Senate Asks Why Lockerbie Bomber Was Freed

The Senate Foreign Relations Committee will hold a long-awaited hearing Wednesday that aims to find out why Scotland last year gave a controversial "compassionate release" to cancer-stricken Lockerbie bomber Abdel Baset al-Megrahi.

But the session may only widen the gulf between U.S. politicians demanding a more detailed medical explanation of how Megrahi won his freedom and Scottish officials who are declining to provide one.

A Senate staffer's fact-finding trip to Britain this month appears to have produced even more conflict between the U.S. and Scotland, particularly surrounding the details of Megrahi's prognosis and the question of whether he began chemotherapy treatments before or after he was released by the Scots.

The Senate staffer met with George Burgess, who was Scotland's deputy director for Criminal Law and Licensing at the time of Megrahi's release. According to an aide to Sen. Robert Menendez, (D., N.J.), the senator who is heading the hearing, Burgess said the convicted bomber began chemotherapy before leaving Scotland. According to the aide, the Scottish official also said it was Peter Kay, Megrahi's general practitioner in the Scottish prison system, who issued the prognosis that Megrahi had about three months to live—a guideline prisoners must meet to qualify for compassionate release in Scotland. That prognosis was later sanctioned by Scottish Prison Service medical administrator Andrew Fraser. The hearing stands to address both those assertions on Wednesday, the aide said.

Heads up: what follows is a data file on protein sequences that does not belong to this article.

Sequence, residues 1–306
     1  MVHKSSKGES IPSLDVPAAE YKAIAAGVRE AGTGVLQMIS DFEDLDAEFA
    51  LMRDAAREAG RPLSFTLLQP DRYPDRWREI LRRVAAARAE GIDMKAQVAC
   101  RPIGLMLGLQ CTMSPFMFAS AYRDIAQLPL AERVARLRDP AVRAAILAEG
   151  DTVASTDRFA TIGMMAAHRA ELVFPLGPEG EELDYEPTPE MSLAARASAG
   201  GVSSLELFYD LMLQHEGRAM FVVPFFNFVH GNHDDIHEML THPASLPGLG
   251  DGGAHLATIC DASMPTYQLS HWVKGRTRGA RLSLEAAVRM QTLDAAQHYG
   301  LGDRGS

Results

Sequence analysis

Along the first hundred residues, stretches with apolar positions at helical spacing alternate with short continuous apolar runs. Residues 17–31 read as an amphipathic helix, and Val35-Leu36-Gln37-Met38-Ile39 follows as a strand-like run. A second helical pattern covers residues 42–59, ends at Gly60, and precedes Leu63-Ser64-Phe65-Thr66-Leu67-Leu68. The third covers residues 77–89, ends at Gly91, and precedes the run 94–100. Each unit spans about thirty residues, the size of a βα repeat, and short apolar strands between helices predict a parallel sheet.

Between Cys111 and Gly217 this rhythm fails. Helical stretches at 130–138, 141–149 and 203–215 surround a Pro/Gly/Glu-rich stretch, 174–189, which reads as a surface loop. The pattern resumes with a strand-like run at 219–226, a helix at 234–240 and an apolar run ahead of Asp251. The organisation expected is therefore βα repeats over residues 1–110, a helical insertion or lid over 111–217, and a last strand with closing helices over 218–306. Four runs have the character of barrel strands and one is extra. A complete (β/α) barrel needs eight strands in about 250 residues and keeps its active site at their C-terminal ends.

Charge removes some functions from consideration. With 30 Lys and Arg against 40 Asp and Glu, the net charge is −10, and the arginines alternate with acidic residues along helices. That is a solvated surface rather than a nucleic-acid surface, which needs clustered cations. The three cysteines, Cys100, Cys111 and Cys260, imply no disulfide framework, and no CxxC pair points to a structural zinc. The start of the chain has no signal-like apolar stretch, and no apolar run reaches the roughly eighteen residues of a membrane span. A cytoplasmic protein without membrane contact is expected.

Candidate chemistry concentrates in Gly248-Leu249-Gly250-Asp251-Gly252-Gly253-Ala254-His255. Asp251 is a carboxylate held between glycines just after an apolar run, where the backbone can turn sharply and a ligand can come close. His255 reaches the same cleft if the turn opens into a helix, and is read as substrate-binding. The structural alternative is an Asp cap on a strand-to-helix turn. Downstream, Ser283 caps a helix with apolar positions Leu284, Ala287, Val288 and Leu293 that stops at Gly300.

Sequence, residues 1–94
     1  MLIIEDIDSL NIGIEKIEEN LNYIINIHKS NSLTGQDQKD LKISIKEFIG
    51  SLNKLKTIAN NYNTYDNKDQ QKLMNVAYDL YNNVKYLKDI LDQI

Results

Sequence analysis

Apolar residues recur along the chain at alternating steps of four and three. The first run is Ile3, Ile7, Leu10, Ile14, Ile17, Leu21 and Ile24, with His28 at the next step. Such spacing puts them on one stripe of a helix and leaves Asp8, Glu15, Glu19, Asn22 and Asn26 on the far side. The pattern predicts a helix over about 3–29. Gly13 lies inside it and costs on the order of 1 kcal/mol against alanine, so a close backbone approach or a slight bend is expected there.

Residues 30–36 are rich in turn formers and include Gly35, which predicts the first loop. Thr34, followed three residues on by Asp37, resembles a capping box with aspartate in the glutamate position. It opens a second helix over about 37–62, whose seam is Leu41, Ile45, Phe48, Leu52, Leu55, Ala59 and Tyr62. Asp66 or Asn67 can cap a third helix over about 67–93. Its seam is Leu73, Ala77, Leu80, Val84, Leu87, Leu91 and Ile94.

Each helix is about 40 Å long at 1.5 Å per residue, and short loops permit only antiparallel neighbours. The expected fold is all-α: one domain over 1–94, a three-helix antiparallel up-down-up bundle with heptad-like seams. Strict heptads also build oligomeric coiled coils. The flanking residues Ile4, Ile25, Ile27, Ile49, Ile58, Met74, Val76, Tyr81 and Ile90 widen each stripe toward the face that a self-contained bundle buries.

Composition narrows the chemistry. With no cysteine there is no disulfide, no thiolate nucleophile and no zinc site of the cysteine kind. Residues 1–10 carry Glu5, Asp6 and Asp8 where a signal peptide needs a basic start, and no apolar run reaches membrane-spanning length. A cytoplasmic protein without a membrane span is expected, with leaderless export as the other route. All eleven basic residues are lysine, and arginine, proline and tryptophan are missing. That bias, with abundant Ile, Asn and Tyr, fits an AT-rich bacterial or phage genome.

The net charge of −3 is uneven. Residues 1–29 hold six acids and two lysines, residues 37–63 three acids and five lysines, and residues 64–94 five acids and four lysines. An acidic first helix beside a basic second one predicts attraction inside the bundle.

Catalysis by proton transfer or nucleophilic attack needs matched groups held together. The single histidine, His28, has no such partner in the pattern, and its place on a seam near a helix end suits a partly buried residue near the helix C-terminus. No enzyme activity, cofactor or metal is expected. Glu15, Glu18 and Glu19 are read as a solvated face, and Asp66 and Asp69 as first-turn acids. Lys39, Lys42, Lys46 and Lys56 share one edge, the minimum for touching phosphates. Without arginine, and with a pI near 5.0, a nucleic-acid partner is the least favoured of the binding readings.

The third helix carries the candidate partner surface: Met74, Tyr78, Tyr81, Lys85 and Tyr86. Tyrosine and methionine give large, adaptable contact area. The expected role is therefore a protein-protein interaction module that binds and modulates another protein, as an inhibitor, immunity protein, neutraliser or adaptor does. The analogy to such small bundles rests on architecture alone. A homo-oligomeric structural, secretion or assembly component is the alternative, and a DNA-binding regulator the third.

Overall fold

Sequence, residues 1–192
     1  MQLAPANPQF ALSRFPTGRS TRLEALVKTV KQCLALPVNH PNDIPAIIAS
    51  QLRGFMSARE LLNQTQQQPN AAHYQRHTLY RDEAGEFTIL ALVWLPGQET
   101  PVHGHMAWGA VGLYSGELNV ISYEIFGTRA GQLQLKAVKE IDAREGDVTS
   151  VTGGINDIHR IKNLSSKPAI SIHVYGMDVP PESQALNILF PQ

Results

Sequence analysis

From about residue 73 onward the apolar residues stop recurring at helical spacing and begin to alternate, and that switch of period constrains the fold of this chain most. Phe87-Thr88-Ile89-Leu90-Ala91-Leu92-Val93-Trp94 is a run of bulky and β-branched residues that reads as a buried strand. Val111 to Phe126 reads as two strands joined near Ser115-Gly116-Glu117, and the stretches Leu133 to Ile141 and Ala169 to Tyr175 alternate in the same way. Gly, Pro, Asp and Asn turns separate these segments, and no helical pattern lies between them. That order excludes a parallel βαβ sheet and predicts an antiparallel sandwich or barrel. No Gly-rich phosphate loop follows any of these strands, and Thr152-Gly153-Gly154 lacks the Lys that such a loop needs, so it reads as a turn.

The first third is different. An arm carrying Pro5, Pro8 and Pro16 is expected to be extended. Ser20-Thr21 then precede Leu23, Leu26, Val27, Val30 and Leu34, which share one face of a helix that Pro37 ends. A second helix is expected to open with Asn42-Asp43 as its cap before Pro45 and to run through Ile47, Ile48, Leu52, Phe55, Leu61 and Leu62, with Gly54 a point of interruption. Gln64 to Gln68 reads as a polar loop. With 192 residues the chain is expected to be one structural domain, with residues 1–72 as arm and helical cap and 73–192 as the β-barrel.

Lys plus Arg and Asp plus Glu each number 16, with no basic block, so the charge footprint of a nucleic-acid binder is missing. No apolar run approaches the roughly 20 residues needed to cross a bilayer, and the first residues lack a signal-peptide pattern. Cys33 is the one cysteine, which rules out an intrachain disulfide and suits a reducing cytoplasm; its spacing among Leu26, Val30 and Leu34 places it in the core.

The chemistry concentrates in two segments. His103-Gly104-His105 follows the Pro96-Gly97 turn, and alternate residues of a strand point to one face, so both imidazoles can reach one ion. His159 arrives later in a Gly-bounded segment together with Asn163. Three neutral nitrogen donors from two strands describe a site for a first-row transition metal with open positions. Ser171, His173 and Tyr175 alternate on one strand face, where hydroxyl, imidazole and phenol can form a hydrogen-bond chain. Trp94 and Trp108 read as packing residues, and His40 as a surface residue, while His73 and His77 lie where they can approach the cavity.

Scotland, however, says that isn't an accurate portrayal of what was said in the meeting. Mr. Burgess couldn't be reached to comment.

"It is a matter of public record that Megrahi was not on chemotherapy treatment in Scotland at any point," a spokeswoman for the Scottish government said in an email Tuesday. She added that "the responsibility to provide a reasonable estimate of prognosis was Dr. Fraser's—no one else's—and therefore the prognosis was his." The spokeswoman didn't say whether Dr. Kay agreed to the prognosis, or made it initially.

Megrahi is the only person convicted for the December 1988 bombing of Pan Am Flight 103 that killed 270 people, including 189 Americans, when it exploded over Lockerbie, Scotland. On Aug. 20, 2009, Scotland granted him a so-called compassionate release on the grounds that the Libyan convict, suffering from terminal prostate cancer, had about three months to live.

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